The drive-in is back, in all its retro, slightly annoying glory

Ann Hornaday

THE WASHINGTON POST – If this summer had a jingle, it might go like: Let’s all go to the drive-in.

As the coronavirus era extends into summer, social-distancing mandates have turned out to be perfectly suited to drive-in theatres, where we watch movies from the safety of autonomously operated self-isolation pods also known as cars. At the onset of the pandemic, about 300 drive-ins were still operating in the United States (US).

Many of them have experienced an unforeseen resurgence at a time when audiences crave not just health and safety but the reassuring cocoon of nostalgia.

People are attending concerts at drive-ins; meanwhile, restaurants, weed-strewn parking lots and even indoor theatres are turning into drive-ins. Multiplexes may be on increasingly shaky ground – will people really risk their lives to see the new, delayed Christopher Nolan movie? – but the drive-in has proved its durability against all odds, including expensive digital conversions which threatened to wash them out forever.

We’re still here, those lonely, looming screens seem to whisper. We knew you’d be back.

Of course, much has changed since many of us saw our last drive-in movie, when the bulk of the evening’s entertainment value was indexed to how many friends you could smuggle inside in the trunk.

All food must now be ordered with a phone app and picked up outside the concession booth. PHOTOS: THE WASHINGTON POST
Social distancing during the coronavirus pandemic has made drive-in theatres more popular

Gone are the days of rolling up to a wooden post, turning off the car, cranking down the window and affixing a speaker that looked like surplus from FDR’s last fireside chat.

Today, the windows are automated and the cars are computerised – and, tragically, festooned with lights wherever you can possibly conceive of putting a light: inside, outside, along the side, whirling in the wheel rims. During a recent visit to a beloved Baltimore drive-in, if you couldn’t turn off every white light in or on your car, you were asked to pull over and cover them with whatever you had on hand.

“Folks, please!” a sign read upon entering. “Read the rules before you leave your vehicle!” So many rules. Not only have cars changed, but people have, too: The long list of regulations reflects a social contract frayed beyond repair.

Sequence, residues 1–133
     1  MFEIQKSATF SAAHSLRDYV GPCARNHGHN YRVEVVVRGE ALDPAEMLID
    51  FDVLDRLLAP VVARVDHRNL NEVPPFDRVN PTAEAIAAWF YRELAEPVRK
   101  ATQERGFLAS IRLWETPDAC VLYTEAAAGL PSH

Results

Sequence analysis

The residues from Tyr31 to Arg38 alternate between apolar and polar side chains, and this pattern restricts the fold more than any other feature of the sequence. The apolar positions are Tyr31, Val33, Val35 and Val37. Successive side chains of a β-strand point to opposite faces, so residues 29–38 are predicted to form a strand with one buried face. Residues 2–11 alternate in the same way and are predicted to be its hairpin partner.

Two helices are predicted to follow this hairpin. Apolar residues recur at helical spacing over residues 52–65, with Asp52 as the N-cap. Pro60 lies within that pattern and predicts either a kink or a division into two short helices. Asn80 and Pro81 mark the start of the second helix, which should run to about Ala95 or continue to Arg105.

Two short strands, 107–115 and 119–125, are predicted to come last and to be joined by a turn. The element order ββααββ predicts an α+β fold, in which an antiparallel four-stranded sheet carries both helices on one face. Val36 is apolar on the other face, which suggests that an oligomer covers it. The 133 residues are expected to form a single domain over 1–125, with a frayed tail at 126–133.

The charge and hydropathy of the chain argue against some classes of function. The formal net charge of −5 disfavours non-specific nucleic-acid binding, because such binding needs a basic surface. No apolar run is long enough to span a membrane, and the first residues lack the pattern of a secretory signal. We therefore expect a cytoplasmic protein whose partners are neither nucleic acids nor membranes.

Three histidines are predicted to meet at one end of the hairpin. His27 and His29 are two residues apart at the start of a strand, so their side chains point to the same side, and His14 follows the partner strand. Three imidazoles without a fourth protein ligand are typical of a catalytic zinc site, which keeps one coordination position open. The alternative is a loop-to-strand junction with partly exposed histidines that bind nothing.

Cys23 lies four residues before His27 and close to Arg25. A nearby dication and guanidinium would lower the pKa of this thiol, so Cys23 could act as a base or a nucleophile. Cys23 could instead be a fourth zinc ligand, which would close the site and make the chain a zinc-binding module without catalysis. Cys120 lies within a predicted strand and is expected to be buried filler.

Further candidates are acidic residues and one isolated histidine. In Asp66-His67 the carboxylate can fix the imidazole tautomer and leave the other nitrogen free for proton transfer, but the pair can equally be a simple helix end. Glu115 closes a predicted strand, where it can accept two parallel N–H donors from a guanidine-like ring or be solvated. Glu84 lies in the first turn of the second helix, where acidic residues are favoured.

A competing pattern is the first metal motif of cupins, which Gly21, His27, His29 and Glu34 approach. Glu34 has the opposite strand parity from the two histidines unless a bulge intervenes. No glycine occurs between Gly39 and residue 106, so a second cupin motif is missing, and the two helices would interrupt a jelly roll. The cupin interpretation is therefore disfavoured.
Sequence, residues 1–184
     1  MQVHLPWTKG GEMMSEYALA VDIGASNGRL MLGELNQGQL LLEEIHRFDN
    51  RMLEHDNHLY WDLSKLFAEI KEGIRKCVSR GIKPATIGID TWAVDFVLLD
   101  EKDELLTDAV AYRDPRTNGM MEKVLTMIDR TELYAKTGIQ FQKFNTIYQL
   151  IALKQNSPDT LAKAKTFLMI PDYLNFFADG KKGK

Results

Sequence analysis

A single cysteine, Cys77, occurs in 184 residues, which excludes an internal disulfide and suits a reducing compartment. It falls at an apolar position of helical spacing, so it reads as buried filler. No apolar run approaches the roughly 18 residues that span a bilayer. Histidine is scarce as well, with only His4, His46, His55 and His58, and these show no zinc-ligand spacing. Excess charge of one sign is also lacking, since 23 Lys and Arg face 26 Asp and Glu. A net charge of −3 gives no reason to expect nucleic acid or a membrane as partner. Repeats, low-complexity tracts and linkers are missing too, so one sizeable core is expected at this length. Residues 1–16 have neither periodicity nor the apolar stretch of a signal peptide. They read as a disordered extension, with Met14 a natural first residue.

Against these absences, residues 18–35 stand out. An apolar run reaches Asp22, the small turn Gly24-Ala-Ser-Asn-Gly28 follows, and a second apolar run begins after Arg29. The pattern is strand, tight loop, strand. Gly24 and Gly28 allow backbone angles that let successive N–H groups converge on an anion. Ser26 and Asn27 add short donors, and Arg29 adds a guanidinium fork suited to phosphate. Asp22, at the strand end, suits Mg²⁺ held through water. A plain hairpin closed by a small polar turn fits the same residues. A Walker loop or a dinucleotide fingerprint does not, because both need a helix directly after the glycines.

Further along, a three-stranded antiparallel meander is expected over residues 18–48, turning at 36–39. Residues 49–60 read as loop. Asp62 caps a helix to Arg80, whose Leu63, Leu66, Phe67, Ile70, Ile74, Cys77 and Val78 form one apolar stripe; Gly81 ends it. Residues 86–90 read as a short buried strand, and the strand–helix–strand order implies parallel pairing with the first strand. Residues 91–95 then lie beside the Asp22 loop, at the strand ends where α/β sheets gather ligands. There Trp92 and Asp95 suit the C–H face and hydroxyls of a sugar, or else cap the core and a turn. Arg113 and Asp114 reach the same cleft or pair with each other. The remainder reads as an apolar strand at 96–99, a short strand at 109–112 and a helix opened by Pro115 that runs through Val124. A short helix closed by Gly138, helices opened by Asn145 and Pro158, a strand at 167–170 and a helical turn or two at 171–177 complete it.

We really shouldn’t need to be reminded not to cook or brandish laser pointers at the drive-in. But we do. During the pandemic, there’s a whole new list of rules, having to do with masks, restroom use and visiting the snack bar.

It’s in that bustling mid-century masterpiece of Americana that, just after sunset, everyone stops and turns to the 120-foot-wide screen while The Star-Spangled Banner plays. Some hold hands to hearts. Others grip their hot dogs a bit more solemnly.

Back in the car, masks mercifully doffed, windows and moon roofs open to the starry night, ET the Extra-Terrestrial begins.

Escapist, uncynical, unfolding mostly at night – could we ask for a more perfect drive-in movie? And is there a more suitable drive-in auteur than Steven Spielberg?

With John Williams’ swelling, lyrical score booming out of radios tuned to the pre-assigned frequency, the static-ridden tin boxes of yesteryear feel like fondly remembered but unmissed hardships, like outdoor plumbing or those rabbit-ear antennae your big brother forced you to adjust while he watched Gunsmoke.

Nearby, a car alarm wails and is hastily extinguished, only to go off again – and again. Here and there, patrons engage in brief moments of bootleg illumination, by way of quick glances at cellphones or flaring brake lights. Tense moments, to be sure. But no one’s busted.

Meanwhile, ET and Elliott pursue their mystical bond over Reese’s Pieces, hearts and bicycles soaring right on cue. Still, even on what is claimed to be the “BIGGEST movie theatre screen in the USA,” their adventures are rendered less than pristine by virtue of being seen through a windshield and several yards of heat-thickened air.

Everyone, it seems, is falling back in love with the drive-in. But there’s no sense in denying that, as an aesthetic encounter, it’s not entirely uncompromised: The point isn’t the total, pristine immersion that so many blockbusters have been striving for in recent years. Like 3-D and other cinematic novelties, what you lose in visual definition and aural precision, you make up for in the experience itself – its retro rituals, sense of shared history and ambient pleasures.

To wit: After the last bikes have flown and ET has been safely dispatched home, a disembodied voice comes over the speakers, encouraging the audience to express our approval by flashing our headlights, and reminding us to enjoy “funnel cake intermission”, before Back to the Future gets underway. It’s almost 11pm. We turn the car back on, preparing to be hermetically resealed. For a moment, though, the slightest hint of a cooling breeze makes its way through the open windows, while crickets chirp outside.

Blink and you’ll miss it, but a firefly has found its way to the drive-in, punctuating tonight’s double feature with its own light show. Oblivious to the rules, and gloriously, blazingly above them.